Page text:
It's practically compulsory when writing an article about the early days of Channel 4 to start by mentioning that the first programme broadcast on its opening evening, November 2, 1982, was Countdown. See. I just did it there. Countdown is still around, of course, and still hugely popular, even though Rachel Riley has long replaced Carol Vorderman and no host since the late Richard Whitely has been able to recreate the old magic.
But as the channel's 30th birthday approaches, I'm not sure there's much else worth celebrating. When Channel 4 first came on air, its arrival announced by that distinctive, animated multicoloured '4' logo, we'd never seen anything like it before.
If you were young (and I was just 20, in my second year at college), it was a thrilling new alternative to jaded mainstream television.
Under the guidance of its founding chief executive Jeremy Isaacs, now head of Sky Arts, Channel 4 in its first decade, mixed the highbrow with the populist to dazzling effect. It screened films from around the world you could see nowhere else on television, yet also found space for black-and-white Hollywood classics.
It gave television comedy a daring shake-up with The Comic Strip Presents, whose hilarious Enid Blyton spoof Five Go Mad in Dorset was the highlight of that first night. If nothing else, the channel continues its commitment to original, innovative comedy to this day.
At a time when the benchmarks for popular music on TV were either the jaded Old Grey Whistle Test or the tedious Top of the Pops, Channel 4 gave us The Tube, which went out live every Friday. The Tube featured the biggest artists of the day and dripped with unpredictability. Jools Holland, who co-presented with Paula Yates, found himself suspended for six weeks after uttering the F-word at teatime.
And then there were the movies. Channel 4 was the first channel with a dedicated film production unit. Neil Jordan's debut feature, Angel, as well as three of his next five films -- The Company of Wolves, Mona Lisa and The Crying Game -- were all part-financed by Channel 4, as was Stephen Frears's My Beautiful Laundrette.
There were also smaller-scale films, such as the charming P'tang, Yang, Kipperbang, written by the legendary Jack Rosenthal, screened in weekly batches under the 'Film on Four' banner. In fact, the centrepiece of Channel 4's opening night was one such production: Walter, starring Ian McKellen as a mentally challenged middle-aged man living by himself.
Channel 4 ran into innumerable controversies; a famous example is the Red Triangle season, which featured films whose adults-only content was signalled on screen by the said geometric shape.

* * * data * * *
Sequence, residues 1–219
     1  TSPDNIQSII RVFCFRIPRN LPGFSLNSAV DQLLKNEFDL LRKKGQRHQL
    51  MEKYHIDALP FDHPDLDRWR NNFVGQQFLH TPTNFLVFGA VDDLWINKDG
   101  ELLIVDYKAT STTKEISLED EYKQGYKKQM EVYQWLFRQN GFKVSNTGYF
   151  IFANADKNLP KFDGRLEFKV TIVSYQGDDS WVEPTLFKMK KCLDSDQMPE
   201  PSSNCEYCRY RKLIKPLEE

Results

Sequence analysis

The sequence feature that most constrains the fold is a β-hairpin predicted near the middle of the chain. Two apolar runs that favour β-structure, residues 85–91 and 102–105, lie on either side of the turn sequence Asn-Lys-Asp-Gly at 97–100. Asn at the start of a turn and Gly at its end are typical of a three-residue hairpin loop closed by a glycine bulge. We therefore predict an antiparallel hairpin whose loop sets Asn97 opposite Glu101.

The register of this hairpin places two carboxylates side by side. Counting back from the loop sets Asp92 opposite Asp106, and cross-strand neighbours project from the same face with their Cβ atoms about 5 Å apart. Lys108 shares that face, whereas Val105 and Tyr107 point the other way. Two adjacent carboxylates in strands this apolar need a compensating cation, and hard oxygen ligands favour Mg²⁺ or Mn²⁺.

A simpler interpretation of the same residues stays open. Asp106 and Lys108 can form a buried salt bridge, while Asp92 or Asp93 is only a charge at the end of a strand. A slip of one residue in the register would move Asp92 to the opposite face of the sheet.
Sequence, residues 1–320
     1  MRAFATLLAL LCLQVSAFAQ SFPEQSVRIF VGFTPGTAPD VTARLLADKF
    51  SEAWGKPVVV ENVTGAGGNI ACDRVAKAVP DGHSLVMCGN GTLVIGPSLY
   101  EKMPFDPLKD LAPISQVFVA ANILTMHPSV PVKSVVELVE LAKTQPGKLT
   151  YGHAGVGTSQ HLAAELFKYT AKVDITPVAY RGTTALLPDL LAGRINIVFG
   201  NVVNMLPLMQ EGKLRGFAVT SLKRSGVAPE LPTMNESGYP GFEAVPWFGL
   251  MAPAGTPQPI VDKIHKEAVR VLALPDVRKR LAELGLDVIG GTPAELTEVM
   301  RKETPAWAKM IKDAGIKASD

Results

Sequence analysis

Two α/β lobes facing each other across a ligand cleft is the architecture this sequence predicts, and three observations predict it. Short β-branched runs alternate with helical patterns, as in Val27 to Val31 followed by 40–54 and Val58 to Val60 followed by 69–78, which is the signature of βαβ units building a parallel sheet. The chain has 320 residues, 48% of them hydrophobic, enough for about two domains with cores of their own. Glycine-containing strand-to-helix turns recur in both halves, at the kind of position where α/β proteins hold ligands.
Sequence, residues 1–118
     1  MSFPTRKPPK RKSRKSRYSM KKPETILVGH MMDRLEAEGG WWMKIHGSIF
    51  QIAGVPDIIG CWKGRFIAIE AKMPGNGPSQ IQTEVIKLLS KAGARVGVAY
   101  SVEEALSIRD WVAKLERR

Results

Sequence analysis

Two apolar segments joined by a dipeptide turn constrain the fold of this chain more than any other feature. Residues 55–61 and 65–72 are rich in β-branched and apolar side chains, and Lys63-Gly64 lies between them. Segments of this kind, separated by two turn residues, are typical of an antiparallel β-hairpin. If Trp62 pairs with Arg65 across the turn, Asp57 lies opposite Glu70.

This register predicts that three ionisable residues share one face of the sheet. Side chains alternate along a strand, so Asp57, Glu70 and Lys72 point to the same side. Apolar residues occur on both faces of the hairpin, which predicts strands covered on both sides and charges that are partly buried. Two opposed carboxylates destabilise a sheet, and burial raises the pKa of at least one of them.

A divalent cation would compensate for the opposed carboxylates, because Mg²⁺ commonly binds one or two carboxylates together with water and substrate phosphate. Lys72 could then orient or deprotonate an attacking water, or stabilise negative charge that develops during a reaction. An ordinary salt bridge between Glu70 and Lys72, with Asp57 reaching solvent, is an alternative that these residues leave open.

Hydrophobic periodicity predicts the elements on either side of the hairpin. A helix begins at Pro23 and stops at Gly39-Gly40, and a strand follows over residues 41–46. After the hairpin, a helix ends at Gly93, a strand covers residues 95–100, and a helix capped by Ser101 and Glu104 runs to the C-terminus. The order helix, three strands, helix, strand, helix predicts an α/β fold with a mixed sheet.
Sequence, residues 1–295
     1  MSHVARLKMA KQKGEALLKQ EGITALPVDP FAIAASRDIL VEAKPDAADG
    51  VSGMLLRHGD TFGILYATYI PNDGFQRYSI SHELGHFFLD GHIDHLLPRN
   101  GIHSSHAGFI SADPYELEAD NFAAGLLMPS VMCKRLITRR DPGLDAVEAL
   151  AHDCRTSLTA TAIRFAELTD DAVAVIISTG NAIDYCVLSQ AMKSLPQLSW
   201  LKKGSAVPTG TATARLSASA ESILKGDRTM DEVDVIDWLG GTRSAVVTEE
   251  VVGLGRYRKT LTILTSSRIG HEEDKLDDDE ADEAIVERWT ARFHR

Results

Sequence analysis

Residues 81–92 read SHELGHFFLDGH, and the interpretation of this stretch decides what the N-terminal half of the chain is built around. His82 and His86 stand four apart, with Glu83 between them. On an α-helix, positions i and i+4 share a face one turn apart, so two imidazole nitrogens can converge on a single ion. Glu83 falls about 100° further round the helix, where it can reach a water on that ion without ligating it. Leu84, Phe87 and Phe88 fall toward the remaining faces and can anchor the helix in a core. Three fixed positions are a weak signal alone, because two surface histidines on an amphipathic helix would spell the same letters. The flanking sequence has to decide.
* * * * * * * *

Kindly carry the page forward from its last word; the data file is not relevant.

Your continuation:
Mary Whitehouse and The Daily Mail hated pretty much everything the channel produced, but went into outrage overdrive when Scouse soap Brookside featured television's first pre-watershed lesbian kiss: a 17-second snog between Anna Friel and Nicola Stephenson.
These represent just a fraction of Channel 4's programming during its golden period. It's travelled a long way in 30 years -- mostly downwards, to the point where its better known for Big Fat Gypsy Weddings than for transforming the television landscape. But a tentative happy 30th anyway, in the hope the 40th might be better.
>> a bit rich, mitt The funniest TV-related story of the week has to be the Republican Party's outrage at National Geographic's plan to screen a documentary, two days before the presidential vote, about the killing of Osama bin Laden.
The 90-minute film, Seal Team Six: The Raid on Osama bin Laden, produced by Democrat-supporting Hollywood kingpin Harvey Weinstein, will be shown in a primetime slot on National Geographic's American channel on November 4.
What's really got the Republicans worked up is that Weinstein had extra footage of President Barack Obama, filmed before and after the raid, added to the final cut. Maybe I'm missing something but wasn't Obama the man who made the ballsy call to go ahead with the raid? Makes him kind of relevant to the documentary, don't you think? "It's a propaganda film from start to finish," frothed one commentator. Coming from a party whose cheerleaders are the liars, hypocrites, thugs and nitwits at Fox News, accusations of bias are a bit rich. Although probably not as rich as Mitt Romney.
>> big switch off Wednesday's analogue switch-off was a low-key affair. No fireworks, no popping champagne corks, not even Pat Shortt in a culchie cap throwing a big, comedy switch. Just Miriam O'Callaghan double-clicking a mouse.
It was all quite surreal -- although nowhere near as surreal as the subsequent panel discussion, urging viewers who hadn't changed to digital to do so. Pity they weren't able to see it, eh?
>> cheesy, me? It seems Simon Cowell is desperate to get rid of an X Factor contestant called Christopher Maloney, who's being mentored by Gary Barlow. Cowell thinks he's too "dated" and "cheesy" and, were he to win, would damage the image of the show.
Let's get this straight. SIMON COWELL, that faultless arbiter of musical excellence, is worried a wannabe tutored by GARY BARLOW, that edgy, dangerous pop pioneer, might threaten the credibility of X FACTOR.
If you can locate a thread of logic in any of that, don't let me know, okay?